# was produced during runtime, i.e. stdout and stderr.

# After everything is saved to the home directory, delete the work directory to
# save space on /scratch
cd ${SLURM_SUBMIT_DIR}
rm -rf ${SCRATCH_DIRECTORY}

# Finish the script
exit 0

Running many sequential jobs in parallel using job arrays

In this example we wish to run many similar sequential jobs in parallel using job arrays. We take Python as an example but this does not matter for the job arrays:

#!/usr/bin/env python

import time

print('start at ' + time.strftime('%H:%M:%S'))

print('sleep for 10 seconds ...')
time.sleep(10)

print('stop at ' + time.strftime('%H:%M:%S'))

Save this to a file called “test.py” and try it out:

$ python test.py

start at 15:23:48
sleep for 10 seconds ...
stop at 15:23:58

Good. Now we would like to run this script 16 times at the same time. For this we use the following script:

#!/bin/bash -l

#####################
# job-array example #
#####################

#SBATCH --job-name=example

# 16 jobs will run in this array at the same time
#SBATCH --array=1-16

# run for five minutes
#              d-hh:mm:ss
#SBATCH --time=0-00:05:00

# 500MB memory per core
# this is a hard limit
#SBATCH --mem-per-cpu=500MB

# you may not place bash commands before the last SBATCH directive

# define and create a unique scratch directory
SCRATCH_DIRECTORY=/scratch/${USER}/job-array-example/${SLURM_JOBID}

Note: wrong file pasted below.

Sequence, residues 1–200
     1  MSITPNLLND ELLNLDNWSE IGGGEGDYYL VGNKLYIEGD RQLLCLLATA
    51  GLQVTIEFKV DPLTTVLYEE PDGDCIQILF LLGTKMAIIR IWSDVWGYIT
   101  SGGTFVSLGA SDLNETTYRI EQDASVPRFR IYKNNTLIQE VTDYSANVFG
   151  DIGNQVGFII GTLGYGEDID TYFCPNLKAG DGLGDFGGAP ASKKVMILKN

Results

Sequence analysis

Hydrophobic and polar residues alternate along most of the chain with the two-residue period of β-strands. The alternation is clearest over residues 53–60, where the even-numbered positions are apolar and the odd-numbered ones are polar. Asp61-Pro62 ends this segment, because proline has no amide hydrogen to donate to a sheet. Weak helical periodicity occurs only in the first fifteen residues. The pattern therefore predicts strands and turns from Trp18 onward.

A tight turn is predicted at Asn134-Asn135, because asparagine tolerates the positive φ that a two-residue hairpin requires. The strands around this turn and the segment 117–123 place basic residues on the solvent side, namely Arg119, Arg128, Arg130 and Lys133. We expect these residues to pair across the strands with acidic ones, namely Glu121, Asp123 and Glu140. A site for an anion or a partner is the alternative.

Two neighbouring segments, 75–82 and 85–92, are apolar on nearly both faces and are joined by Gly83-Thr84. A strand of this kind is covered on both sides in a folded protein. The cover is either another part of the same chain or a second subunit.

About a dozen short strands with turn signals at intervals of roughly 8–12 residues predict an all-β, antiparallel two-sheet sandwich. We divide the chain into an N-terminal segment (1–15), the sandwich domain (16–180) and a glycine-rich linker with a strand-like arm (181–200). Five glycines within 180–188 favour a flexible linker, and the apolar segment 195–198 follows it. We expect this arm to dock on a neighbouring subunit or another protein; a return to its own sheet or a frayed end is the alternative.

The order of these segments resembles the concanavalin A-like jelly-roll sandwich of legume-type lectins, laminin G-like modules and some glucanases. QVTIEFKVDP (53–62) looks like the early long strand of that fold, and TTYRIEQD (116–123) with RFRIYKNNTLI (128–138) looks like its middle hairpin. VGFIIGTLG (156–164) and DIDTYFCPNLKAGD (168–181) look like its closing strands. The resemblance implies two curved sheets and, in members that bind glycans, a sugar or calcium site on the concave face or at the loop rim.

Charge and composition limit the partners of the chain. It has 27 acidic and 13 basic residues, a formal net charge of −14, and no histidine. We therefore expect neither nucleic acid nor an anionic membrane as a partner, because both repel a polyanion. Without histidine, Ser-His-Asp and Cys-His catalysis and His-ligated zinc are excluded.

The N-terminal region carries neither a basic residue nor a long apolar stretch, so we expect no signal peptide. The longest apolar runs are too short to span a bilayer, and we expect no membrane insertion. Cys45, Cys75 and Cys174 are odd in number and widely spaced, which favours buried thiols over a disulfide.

mkdir -p ${SCRATCH_DIRECTORY}
cd ${SCRATCH_DIRECTORY}

cp ${SLURM_SUBMIT_DIR}/test.py ${SCRATCH_DIRECTORY}

# each job will see a different ${SLURM_ARRAY_TASK_ID}
echo "now processing task id:: " ${SLURM_ARRAY_TASK_ID}
python test.py > output_${SLURM_ARRAY_TASK_ID}.txt

# after the job is done we copy our output back to $SLURM_SUBMIT_DIR
cp output_${SLURM_ARRAY_TASK_ID}.txt ${SLURM_SUBMIT_DIR}

# we step out of the scratch directory and remove it
cd ${SLURM_SUBMIT_DIR}
rm -rf ${SCRATCH_DIRECTORY}

# happy end
exit 0

Submit the script and after a short while you should see 16 output files in your submit directory:

$ ls -l output*.txt

-rw------- 1 user user 60 Oct 14 14:44 output_1.txt
-rw------- 1 user user 60 Oct 14 14:44 output_10.txt
-rw------- 1 user user 60 Oct 14 14:44 output_11.txt
-rw------- 1 user user 60 Oct 14 14:44 output_12.txt
-rw------- 1 user user 60 Oct 14 14:44 output_13.txt
-rw------- 1 user user 60 Oct 14 14:44 output_14.txt
-rw------- 1 user user 60 Oct 14 14:44 output_15.txt
-rw------- 1 user user 60 Oct 14 14:44 output_16.txt
-rw------- 1 user user 60 Oct 14 14:44 output_2.txt
-rw------- 1 user user 60 Oct 14 14:44 output_3.txt
-rw------- 1 user user 60 Oct 14 14:44 output_4.txt
-rw------- 1 user user 60 Oct 14 14:44 output_5.txt
-rw------- 1 user user 60 Oct 14 14:44 output_6.txt
-rw------- 1 user user 60 Oct 14 14:44 output_7.txt
-rw------- 1 user user 60 Oct 14 14:44 output_8.txt
-rw------- 1 user user 60 Oct 14 14:44 output_9.txt

Interactive submission

One has the possibility to use the interactive job submission via the srun command, which allows to:

  • ease the debugging
  • perform interactive computations on '''declared''' and '''reserved''' resources

Example :

srun --nodes=1 --ntasks-per-node=1 --time=01:00:00 --pty bash -i

OpenMP and MPI

You can download the examples given here to a file (e.g. run.sh) and start it with:

$ sbatch run.sh

Example for an OpenMP job

#!/bin/bash -l

#############################
# example for an OpenMP job #
#############################

#SBATCH --job-name=example

# we ask for 1 task with 20 cores
#SBATCH --nodes=1
#SBATCH --ntasks-per-node=1
#SBATCH --cpus-per-task=20

# exclusive makes all memory available
#SBATCH --exclusive

# run for five minutes
#              d-hh:mm:ss
#SBATCH --time=0-00:05:00

# turn on all mail notification
#SBATCH --mail-type=ALL

# you may not place bash commands before the last SBATCH directive